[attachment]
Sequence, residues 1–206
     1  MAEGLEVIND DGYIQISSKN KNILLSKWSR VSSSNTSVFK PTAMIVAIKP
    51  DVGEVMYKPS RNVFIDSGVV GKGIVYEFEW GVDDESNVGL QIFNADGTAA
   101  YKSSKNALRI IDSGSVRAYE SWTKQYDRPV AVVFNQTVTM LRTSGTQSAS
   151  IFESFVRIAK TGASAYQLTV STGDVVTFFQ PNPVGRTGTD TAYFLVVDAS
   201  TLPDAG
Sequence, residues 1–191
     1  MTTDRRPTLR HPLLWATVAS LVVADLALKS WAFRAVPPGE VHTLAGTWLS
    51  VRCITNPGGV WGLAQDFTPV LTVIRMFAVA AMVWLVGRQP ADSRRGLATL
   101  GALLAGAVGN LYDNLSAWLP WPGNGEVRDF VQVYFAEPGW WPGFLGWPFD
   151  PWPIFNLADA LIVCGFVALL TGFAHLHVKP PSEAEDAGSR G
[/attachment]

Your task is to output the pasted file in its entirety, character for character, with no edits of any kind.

Sequence, residues 1–206
     1  MAEGLEVIND DGYIQISSKN KNILLSKWSR VSSSNTSVFK PTAMIVAIKP
    51  DVGEVMYKPS RNVFIDSGVV GKGIVYEFEW GVDDESNVGL QIFNADGTAA
   101  YKSSKNALRI IDSGSVRAYE SWTKQYDRPV AVVFNQTVTM LRTSGTQSAS
   151  IFESFVRIAK TGASAYQLTV STGDVVTFFQ PNPVGRTGTD TAYFLVVDAS
   201  TLPDAG
Sequence, residues 1–191
     1  MTTDRRPTLR HPLLWATVAS LVVADLALKS WAFRAVPPGE VHTLAGTWLS
    51  VRCITNPGGV WGLAQDFTPV LTVIRMFAVA AMVWLVGRQP ADSRRGLATL
   101  GALLAGAVGN LYDNLSAWLP WPGNGEVRDF VQVYFAEPGW WPGFLGWPFD
   151  PWPIFNLADA LIVCGFVALL TGFAHLHVKP PSEAEDAGSR G